Hitman Episode 1 Review: Just One Target at a Time
The latest entry into IO Interactive’s long-running Hitman series has finally arrived and is simply titled: Hitman. The succinct naming of this most recent entry rather accurately reflects the nature of the game itself. This is the Hitman series in its purest form; it is many years and many games worth of refinement, fine tuning, trial and error – this is the Hitman gameplay that fans have been waiting for, wrapped up in an interesting package that also makes it a good point of entry for series newcomers.
The draw of the Hitman series has always been about executing the perfect assassination. Everyone has their own idea of what the perfect assassination looks like and what made the Hitman games so popular was that they were great at accommodating to your vision. Do you want to snipe your target through a window from a mile away? Maybe you would prefer to pose as a waiter and poison their meal at a restaurant? Or perhaps subtlety just isn’t your style and you would prefer to blow up their house. The tools were at your disposal, it was up to you and your creative ambition to do with them as you choose.
This is still very much the case for the latest Hitman game. Gameplay-wise, this feels like classic Hitman remade for the modern gaming era in almost every aspect, and one of the best examples of this is in the level design. Levels are still elaborate sandboxes with complex event schedules and intricacies - only now they are bigger and far more intricate. There are more intertwining stories and events taking place, more intractable objects throughout the environment and a ridiculous amount of NPCs littered throughout the maps. All of which is only possible with the power of the latest generation of consoles.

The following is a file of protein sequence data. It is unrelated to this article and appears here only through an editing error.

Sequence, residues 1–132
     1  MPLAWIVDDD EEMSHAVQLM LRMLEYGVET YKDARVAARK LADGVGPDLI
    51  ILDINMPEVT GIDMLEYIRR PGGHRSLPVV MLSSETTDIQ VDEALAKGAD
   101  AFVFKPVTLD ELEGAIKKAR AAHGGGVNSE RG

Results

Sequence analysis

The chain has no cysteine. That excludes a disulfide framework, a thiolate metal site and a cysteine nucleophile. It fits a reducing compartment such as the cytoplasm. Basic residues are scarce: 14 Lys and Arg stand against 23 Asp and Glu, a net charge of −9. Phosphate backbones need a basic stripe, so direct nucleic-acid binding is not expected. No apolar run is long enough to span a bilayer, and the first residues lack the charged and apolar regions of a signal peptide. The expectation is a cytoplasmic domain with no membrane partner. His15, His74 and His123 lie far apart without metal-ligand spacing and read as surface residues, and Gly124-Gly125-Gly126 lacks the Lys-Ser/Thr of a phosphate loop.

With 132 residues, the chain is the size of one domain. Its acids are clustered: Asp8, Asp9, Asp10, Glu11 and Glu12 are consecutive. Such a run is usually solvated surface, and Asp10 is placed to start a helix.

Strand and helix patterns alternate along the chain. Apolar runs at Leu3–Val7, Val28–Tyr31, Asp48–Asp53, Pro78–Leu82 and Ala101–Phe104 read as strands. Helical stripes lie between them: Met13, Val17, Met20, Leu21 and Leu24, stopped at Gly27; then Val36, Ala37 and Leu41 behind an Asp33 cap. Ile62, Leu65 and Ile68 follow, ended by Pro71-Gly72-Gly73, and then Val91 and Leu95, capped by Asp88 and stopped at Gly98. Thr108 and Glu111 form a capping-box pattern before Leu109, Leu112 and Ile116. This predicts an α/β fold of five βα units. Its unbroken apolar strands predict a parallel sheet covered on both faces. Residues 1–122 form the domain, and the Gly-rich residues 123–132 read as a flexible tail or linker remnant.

Having huge open sandbox levels with plenty of ins and outs is all well and good, but if you aren’t given a good reason to explore and experiment with your surroundings, then the marvel of the intricate level design might be wasted. This is where one of the best new features of Hitman comes in. Every level has a huge list of optional challenges that can be completed for various rewards. These challenges range in difficulty; some may be simple, one-step tasks such as “Kill the target with a headshot”, whilst others may require multiple steps such as “Subdue the bodyguard, enter the kitchen, subdue the waiter, poison the champagne, kill the target with the poisoned champagne, take the target’s phone, escape on the helicopter” etc.
Completing these challenges rewards mastery points for that particular level, which is effectively just a leader board system. However, some challenges unlock additional perks or weapons that can be used when replaying the level. It’s a great system that offers a huge amount of replayability to the game, yet you have to be the type of person that doesn’t mind playing through the exact same level numerous times to really enjoy it.